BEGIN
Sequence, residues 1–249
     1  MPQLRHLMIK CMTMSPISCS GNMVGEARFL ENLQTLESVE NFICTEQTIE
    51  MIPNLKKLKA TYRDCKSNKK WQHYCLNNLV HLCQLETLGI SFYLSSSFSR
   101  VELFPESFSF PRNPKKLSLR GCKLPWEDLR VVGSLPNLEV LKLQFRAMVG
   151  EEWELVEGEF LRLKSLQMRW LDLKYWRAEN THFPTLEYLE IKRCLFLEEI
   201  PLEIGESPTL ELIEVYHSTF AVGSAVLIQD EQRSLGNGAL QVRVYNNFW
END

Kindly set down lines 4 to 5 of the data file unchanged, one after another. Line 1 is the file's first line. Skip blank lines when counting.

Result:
   101  VELFPESFSF PRNPKKLSLR GCKLPWEDLR VVGSLPNLEV LKLQFRAMVG
   151  EEWELVEGEF LRLKSLQMRW LDLKYWRAEN THFPTLEYLE IKRCLFLEEI